First Amendment Trumps E-Discovery

In a recent and previously sealed federal fraud and tax evasion case (U.S.A. v. Amazon.com, W.D.WI, Case No. 07-GJ-04, filed 6/26/07), the district court ruled that customers who bought used books via Amazon.com have a cognizable First Amendment right to maintain the privacy of their reading choices.

The case stemmed from the U.S. Justice Department's discovery attempt (via a grand jury subpoena) to obtain Amazon customer records in order to advance its criminal case against a used bookseller suspected of committing criminal fraud and tax evasion. The Justice Department in this case does not suspect Amazon nor its customers of any wrongdoing. It simply wants to use the customer information to build a case against the defendant.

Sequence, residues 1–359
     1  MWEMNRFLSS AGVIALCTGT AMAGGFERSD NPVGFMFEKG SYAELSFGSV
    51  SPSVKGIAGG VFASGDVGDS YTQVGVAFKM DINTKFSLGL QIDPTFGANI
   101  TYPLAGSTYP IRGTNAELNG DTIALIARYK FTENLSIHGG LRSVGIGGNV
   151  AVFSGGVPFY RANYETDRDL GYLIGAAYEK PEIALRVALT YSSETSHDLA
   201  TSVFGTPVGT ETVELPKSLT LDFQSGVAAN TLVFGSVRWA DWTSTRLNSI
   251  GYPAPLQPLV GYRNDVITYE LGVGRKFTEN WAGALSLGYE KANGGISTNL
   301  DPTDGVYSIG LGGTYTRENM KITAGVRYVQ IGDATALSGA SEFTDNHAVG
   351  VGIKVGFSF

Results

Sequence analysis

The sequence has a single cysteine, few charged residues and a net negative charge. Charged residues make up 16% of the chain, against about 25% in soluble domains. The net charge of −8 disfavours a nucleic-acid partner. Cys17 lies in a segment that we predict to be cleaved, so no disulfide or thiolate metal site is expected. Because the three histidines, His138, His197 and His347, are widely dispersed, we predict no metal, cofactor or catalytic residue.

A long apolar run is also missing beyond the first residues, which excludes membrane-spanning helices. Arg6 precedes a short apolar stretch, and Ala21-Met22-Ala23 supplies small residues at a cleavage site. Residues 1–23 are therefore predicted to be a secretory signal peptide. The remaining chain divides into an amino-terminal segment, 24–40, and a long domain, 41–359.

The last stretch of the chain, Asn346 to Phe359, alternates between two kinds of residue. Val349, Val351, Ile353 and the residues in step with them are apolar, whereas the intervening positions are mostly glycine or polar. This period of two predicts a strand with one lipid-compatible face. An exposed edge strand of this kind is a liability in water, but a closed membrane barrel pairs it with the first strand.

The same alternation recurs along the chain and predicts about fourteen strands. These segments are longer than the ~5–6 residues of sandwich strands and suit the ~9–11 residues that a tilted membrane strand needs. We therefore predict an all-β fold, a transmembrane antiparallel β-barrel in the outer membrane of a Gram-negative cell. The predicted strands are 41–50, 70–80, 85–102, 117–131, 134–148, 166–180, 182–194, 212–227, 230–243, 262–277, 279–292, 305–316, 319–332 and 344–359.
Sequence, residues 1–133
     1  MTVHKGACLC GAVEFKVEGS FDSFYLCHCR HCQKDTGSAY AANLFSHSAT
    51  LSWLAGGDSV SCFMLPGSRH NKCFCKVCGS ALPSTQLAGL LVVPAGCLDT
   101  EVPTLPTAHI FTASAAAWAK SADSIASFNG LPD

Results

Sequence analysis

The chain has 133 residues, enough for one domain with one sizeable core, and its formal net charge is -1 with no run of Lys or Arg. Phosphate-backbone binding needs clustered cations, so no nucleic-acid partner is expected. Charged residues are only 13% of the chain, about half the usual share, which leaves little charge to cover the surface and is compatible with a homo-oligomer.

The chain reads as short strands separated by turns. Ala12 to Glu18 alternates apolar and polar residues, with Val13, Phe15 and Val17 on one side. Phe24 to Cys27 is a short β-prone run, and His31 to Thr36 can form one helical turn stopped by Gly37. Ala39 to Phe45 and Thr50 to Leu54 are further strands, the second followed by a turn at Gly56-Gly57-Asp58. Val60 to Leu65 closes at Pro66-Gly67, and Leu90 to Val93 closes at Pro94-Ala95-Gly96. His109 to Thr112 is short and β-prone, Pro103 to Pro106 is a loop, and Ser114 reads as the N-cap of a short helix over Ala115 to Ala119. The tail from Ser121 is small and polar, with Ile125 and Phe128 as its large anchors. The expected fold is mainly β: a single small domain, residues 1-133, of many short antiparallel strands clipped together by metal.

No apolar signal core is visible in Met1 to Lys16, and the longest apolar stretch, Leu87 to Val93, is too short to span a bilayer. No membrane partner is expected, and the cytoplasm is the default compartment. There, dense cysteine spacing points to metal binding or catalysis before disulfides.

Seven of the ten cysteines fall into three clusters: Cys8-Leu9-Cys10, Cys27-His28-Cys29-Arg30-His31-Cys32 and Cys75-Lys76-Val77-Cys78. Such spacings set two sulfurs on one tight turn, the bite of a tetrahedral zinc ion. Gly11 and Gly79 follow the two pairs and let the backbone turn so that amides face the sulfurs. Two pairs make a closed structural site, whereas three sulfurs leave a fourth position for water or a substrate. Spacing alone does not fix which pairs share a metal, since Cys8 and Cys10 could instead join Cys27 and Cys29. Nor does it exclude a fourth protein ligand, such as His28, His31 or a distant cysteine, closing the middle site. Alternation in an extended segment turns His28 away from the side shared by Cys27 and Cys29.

Citing the "compelling interest" test in "In Re: Grand Jury Subpoenas Duces Tecum, 78 F.3d 1307 (8th Cir. 1996), the Wisconsin court stated that "although a grand jury subpoena is presumed valid and enforceable, if the witness demonstrates a legitimate First Amendment concern raised by the subpoena, then the government must make an additional showing that the grand jury actually needs the disputed information."

The Wisconsin court further stated that "the subpoena is troubling because it permits the government to peek into the reading habits of specific individuals without their prior knowledge or permission."